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Two Noble Truths and a Coke

by Jason McDowell

In U.S. Army Basic Training, Sundays are generally the best days of the week. There’s usually minimal training. There’s actually some downtime, which can be used for writing letters or napping. Assuming nobody had screwed up in the last day or two, recruits are allowed to use the pay phones in the afternoon. But on Sunday mornings, the enlistees are faced with a choice. They can go to church, or they can stay at the barracks and clean.

This presented an interesting dilemma for those of us who weren’t religious. Fort Leonard Wood, MO had three churches that we, as enlistees, could attend. One was Catholic, one was Protestant, and the last one was Buddhist. There are some sects of Buddhism that are secular in nature, so myself and the other two members of third platoon who didn’t particularly want to attend mass or any other type of Christian service decided to check it out. It had to be better than pushing dust bunnies around the barracks all morning.

Our drill sergeants weren’t thrilled with the idea. “Let me see your ID tags,” Staff Sergeant Rodriguez said to me.

Without hesitation, I pulled my dog tags over my head and handed them over.

“These say No Religious Preference, Private Johnson.” Rodriguez narrowed his eyes at me. “You two. Tags. Now.” Martinez and Finnegan handed over their tags. They listed the same preference as my own. “Admit it. You heard that the Buddhist church has vending machines and you want to go stuff your faces with Coke and fatty cakes, right?”

The three of us exchanged quick glances. We had not, in fact, heard that, but it seemed like a fantastic reason to be a Buddhist for a day. “No, drill sergeant,” I said. “We’re just not religious and Buddhism is the only secular service offered on base.”

“Were any of you Buddhists before you enlisted?” the drill sergeant asked.

Again, we exchanged glances. Somehow, I’d become the spokesman for the group. “No, Drill Sergeant. But we’re all very interested in checking it out, Drill Sergeant.”

Rodriguez glanced over to where the troop truck was loading up to go to the chapel for the Catholic and Protestant services. Then he looked back at us. He shook his head and handed back our tags. “You damn privates are lucky that the First Amendment says I can’t say no. But it don’t say I have to give you a ride. It’s a couple miles. You can take the boot leather express. Still wanna go, privates?”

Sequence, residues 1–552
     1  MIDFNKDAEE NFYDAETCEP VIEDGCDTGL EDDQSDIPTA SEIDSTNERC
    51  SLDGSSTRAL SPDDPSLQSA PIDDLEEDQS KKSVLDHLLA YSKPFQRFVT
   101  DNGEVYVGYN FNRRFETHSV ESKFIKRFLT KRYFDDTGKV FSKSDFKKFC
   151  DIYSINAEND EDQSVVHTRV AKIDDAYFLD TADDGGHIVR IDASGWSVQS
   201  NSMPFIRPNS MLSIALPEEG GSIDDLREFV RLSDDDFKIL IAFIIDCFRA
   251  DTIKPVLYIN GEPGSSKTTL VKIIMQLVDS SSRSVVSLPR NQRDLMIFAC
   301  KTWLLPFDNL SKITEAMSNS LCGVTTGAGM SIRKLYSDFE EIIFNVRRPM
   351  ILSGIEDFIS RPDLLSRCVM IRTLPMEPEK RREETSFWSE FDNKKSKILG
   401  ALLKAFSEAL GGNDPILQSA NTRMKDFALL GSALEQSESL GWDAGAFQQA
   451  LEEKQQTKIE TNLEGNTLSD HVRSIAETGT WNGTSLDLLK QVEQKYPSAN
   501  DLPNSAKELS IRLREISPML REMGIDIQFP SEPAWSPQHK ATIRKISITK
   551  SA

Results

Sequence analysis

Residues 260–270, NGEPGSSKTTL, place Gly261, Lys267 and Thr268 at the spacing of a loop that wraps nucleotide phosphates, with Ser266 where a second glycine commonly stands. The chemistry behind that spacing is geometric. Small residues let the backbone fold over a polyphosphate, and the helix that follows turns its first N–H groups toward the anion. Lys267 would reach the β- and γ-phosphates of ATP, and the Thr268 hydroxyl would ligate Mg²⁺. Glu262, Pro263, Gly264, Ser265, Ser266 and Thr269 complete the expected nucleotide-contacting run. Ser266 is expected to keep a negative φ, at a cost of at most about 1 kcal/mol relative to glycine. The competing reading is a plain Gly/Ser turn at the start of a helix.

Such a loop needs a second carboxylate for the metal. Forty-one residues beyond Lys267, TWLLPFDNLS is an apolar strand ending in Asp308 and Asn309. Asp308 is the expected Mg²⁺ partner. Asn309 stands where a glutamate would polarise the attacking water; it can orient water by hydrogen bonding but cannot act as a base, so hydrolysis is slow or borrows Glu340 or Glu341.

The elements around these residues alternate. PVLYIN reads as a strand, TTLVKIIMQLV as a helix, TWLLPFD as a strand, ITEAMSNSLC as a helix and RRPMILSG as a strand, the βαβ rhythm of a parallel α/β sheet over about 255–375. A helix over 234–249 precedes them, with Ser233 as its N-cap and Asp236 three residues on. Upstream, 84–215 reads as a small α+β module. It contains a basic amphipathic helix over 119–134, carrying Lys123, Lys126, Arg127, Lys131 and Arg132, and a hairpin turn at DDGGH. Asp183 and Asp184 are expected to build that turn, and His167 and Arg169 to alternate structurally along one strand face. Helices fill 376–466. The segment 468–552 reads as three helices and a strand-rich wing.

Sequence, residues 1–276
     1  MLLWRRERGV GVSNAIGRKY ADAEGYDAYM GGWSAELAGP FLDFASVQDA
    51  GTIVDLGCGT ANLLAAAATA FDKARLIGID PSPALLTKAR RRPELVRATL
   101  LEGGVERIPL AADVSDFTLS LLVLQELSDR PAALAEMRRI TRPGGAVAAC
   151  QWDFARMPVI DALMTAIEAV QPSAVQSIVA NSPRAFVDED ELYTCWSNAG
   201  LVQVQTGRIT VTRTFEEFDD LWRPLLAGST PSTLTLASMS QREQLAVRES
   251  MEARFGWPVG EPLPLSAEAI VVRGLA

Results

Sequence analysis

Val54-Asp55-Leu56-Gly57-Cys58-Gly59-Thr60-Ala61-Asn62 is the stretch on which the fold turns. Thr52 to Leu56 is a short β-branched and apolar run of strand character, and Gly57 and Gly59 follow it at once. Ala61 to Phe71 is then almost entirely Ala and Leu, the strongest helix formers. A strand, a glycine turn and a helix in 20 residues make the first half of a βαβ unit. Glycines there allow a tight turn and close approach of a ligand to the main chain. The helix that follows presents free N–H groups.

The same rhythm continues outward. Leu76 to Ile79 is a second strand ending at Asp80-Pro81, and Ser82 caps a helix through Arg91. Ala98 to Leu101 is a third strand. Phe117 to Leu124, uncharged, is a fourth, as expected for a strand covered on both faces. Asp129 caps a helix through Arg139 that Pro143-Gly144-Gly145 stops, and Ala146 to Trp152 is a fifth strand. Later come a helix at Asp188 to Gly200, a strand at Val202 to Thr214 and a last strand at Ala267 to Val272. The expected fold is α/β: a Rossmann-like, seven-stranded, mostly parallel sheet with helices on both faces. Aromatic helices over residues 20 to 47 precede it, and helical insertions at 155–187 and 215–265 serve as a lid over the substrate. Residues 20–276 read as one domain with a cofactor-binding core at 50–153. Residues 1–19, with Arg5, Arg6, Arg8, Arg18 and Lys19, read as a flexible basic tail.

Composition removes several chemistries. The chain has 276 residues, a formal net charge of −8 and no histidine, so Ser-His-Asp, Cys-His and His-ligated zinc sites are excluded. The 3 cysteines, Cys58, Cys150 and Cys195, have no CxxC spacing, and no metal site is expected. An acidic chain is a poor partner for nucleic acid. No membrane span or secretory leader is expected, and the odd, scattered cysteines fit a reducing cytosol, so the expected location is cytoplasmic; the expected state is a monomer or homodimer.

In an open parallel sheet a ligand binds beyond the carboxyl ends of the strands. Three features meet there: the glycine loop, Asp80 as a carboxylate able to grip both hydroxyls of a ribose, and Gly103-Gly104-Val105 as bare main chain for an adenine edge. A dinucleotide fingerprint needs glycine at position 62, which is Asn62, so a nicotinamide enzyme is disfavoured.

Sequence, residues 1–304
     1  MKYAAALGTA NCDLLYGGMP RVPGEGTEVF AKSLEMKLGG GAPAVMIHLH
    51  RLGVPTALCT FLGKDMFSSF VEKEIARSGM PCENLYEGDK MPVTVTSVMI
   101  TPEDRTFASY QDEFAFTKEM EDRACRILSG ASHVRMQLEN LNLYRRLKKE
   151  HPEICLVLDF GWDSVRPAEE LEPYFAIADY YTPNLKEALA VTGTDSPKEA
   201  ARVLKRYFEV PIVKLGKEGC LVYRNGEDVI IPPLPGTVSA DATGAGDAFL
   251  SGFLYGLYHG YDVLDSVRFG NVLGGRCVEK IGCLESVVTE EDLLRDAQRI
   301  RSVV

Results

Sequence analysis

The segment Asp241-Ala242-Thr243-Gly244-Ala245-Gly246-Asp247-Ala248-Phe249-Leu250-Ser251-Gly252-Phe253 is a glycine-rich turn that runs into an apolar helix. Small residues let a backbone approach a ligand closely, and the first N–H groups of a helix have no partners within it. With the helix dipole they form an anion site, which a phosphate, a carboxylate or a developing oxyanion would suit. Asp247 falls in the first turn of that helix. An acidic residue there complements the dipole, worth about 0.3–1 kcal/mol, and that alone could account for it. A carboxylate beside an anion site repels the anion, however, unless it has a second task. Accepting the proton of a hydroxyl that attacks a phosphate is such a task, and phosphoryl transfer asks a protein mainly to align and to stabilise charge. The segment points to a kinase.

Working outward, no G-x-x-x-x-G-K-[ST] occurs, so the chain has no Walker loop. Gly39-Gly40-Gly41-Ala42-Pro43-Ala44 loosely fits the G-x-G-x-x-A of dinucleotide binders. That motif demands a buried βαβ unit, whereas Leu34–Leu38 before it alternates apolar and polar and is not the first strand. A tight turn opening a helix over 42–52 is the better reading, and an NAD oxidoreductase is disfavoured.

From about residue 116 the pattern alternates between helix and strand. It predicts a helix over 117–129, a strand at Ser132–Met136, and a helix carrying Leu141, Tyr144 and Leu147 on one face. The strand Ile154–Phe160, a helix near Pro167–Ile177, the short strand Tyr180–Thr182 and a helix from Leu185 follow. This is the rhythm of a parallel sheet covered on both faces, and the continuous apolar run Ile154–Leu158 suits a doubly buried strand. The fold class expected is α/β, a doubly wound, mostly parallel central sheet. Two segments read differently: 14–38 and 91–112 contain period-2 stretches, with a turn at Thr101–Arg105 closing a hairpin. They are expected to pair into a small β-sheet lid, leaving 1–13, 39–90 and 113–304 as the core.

It wasn’t often that a drill sergeant backed down, and I had the feeling that if we changed our minds now we’d be doing a lot worse than scrubbing toilets all morning. “Yes, Drill Sergeant,” I said.

He gave us directions to the temple. “Fall out, Privates. Get the fuck outta here before I change my mind. And stay away from those vending machines. If you use them, I’ll know.”

We made our way to the temple only to find out it wasn’t a temple at all. It was an out of the way tiny one-story building. Because of the unexpected walk, we were late. We walked in as quietly as we could. There were half a dozen people seated on the floor around a fat happy statue of Buddha. These people were chanting quietly together. Behind them a few more people were scattered among the few rows of chairs. A blonde woman in civilian clothes approached us with some pamphlets. “First time here?” she asked.

We all nodded.

“Welcome!” she said in a hushed voice. She gave us a big smile. “Here’s some pamphlets explaining a little about Buddhism. Feel free to join in the chanting or just have a seat and listen.”

We all sat uncomfortably for about twenty minutes and then the service was over.

We resisted the urge to use the vending machines, mostly out of fear of being caught, and started the trek back to our barracks.